* Ex-BNP executives form firm to connect investors, traders
* Banks cut lending in $1.5 trillion-a-year market
* Some trading houses also play role of bankers
By Emma Farge
GENEVA, March 13 (Reuters) - Private investors and hedge funds seeking new ways to gain exposure to commodities may provide a lifeline to trading houses desperate for the short-term liquidity that banks used to offer.
European banks have cut their lending in commodity trade finance, the $1.5 trillion-a-year business of financing oil shipments or copper deliveries, ahead of Basel III restrictions aimed at reducing systemic risk after the 2008 financial crisis.
Lending cuts coincide with traders’ growing need for funding due to high commodity prices, especially for oil, where a single shipment can cost more than $200 million at current Brent crude prices.
The liquidity crunch has thrown some trading houses into crisis - forcing several to close or consider takeover bids from bigger competitors, accelerating sector consolidation.
“Investors want a piece of what banks can make in lending to traders,” the president of Geneva’s Trade and Shipping Association, Jacques-Olivier Thomann, said.
Some new investors were prompted to try new ways of getting exposure to commodities after being disappointed by investments in the handful of publicly listed trading firms, Thomann said on the sidelines of a conference.
To fill the funding gap, two former bankers from one of the biggest traditional lenders, BNP Paribas, have started a firm called Commodity Trade Invest (CTI), they told Reuters.
Jacques Begle, former co-head of trade finance at BNP, and Philippe Steiner say they will specialise in structuring the type of deals that helped once-small trading houses in Geneva grow into sector giants such as Trafigura and Vitol .
“Banks are upscaling their criteria radically. They also want equity of $5 million and a cash margin. The banks have also become so heavy that they are no longer able to deliver decisions on time for trading houses,” said Begle, CTI’s president.
“It’s a service that we have outsourced from the banks to investors. They want exposure to the real economy through merchant trading and this is a new alternative for them,” added Steiner, who is vice president.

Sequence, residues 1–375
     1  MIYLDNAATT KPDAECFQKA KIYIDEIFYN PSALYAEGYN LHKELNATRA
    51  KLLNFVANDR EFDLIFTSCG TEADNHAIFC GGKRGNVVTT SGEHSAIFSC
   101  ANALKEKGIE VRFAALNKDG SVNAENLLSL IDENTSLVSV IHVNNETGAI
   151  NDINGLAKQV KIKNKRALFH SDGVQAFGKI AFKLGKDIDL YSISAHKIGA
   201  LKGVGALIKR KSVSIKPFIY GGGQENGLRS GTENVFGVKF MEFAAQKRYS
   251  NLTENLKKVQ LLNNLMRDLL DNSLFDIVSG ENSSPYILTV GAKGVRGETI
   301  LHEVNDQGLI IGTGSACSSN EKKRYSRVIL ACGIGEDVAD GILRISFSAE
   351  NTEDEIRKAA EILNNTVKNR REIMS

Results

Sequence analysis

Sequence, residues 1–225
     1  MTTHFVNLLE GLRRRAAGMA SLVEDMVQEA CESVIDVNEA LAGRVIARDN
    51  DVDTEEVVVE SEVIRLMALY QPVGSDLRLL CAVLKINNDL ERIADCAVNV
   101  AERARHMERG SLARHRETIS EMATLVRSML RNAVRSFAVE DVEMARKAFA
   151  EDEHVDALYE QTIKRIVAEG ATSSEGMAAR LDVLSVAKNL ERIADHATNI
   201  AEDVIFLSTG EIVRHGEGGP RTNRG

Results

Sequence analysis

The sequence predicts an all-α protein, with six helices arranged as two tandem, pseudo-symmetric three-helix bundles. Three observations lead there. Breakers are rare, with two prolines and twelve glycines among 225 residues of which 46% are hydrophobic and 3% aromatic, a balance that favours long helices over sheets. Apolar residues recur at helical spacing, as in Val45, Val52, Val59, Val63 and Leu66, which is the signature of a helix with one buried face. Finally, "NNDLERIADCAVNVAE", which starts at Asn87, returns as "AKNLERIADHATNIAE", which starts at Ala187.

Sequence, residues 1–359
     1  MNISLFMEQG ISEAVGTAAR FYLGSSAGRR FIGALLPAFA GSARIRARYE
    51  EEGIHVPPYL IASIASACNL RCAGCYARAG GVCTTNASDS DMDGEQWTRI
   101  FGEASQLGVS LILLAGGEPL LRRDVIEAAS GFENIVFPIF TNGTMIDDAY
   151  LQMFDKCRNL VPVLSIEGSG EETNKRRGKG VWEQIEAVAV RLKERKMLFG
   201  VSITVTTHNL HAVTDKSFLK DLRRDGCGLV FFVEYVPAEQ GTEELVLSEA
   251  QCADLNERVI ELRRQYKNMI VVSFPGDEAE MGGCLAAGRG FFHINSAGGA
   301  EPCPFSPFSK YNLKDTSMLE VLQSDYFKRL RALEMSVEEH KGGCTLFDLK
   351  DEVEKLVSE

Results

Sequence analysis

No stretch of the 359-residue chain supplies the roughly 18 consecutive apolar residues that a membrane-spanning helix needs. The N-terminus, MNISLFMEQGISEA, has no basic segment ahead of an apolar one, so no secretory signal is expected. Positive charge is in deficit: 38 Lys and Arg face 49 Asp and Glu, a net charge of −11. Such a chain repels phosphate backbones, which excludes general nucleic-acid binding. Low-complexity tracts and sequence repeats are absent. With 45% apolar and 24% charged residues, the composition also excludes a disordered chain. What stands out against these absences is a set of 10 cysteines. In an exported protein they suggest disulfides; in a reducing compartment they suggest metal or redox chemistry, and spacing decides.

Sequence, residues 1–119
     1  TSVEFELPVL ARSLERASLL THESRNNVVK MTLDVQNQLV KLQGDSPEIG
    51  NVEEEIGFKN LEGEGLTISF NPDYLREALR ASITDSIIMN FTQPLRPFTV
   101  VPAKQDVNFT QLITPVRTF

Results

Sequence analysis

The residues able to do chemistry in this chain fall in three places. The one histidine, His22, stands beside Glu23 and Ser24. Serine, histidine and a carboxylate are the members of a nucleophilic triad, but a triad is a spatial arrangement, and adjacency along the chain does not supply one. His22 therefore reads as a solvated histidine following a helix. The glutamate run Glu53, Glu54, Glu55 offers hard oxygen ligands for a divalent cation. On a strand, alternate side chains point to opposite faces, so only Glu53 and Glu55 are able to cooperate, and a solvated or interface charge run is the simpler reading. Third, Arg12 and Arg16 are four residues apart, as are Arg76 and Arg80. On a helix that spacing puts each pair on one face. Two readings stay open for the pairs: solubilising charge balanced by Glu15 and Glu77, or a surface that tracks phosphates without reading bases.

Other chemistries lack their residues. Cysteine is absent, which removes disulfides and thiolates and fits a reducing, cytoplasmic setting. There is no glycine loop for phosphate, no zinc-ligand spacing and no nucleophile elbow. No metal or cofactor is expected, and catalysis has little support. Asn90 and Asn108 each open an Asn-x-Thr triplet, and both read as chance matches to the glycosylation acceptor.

They said the company expected to offer investors 4-15 percent margin, depending on risk appetite, and would target borrowers with annual revenues of $100 million to $500 million.
Investors are expected to include hedge funds, corporations and private investors known as “high net worth individuals”.
Large trading houses that have come out trumps in the recent market consolidation are becoming lenders in their own right.
While some trading firms have opted to expand into commodity trade finance, such as Trafigura via its Galena fund, others have been pushed into it to meet customers’ needs for credit.
“Now we are asked more and more to give credit to the roasters,” Nicolas Tamari, chief executive of coffee trading house Sucafina, said at the Tuesday conference.
“We are sort of becoming what we’re not supposed to be: financiers, banks. That’s not healthy.”
Trading houses are not covered by the Basel III rules, although regulators have questioned whether they should come under regulations that apply to the so-called “shadow banking” sector, according to a Swiss government official.
CTI’s Begle warned that for small trading houses to borrow from bigger competitors poses inherent risks to their survival.
“There’s a conflict of interest,” he said.
Private banks have also begun to show interest in providing funding for commodity traders, including Hinduja Bank which last year doubled its commodity trade finance team.
“There is a traditional know-how in the private banks...and it would make a lot of sense to structure the right vehicles to private bank customers to invest in trade finance instruments.” said Guillaume de la Ville, a professor at the University of Geneva’s commodity trading diploma course.
Pictet Wealth Management’s chief investment officer Yves Bonzon said the Geneva-based bank would consider lending to commodity trading houses but did not yet have a dedicated service.
“Essentially it’s an asset management activity so why not? The only caveat is to produce the kind of returns banks do requires some leverage and we are not very keen on leverage in general,” he said.
Thomann said the scale of new entrants in the business of lending to commodity traders was still small and entailed greater risk for investors than borrowing from a bank.
“You can always find a pool of private investors willing to put up $10 million for a specific deal outside the banking system,” he said.
“But in those transactions you lose the institutional structure, the bank due diligence and its risk management tools.” (Reporting by Emma Farge; Editing by Anthony Barker)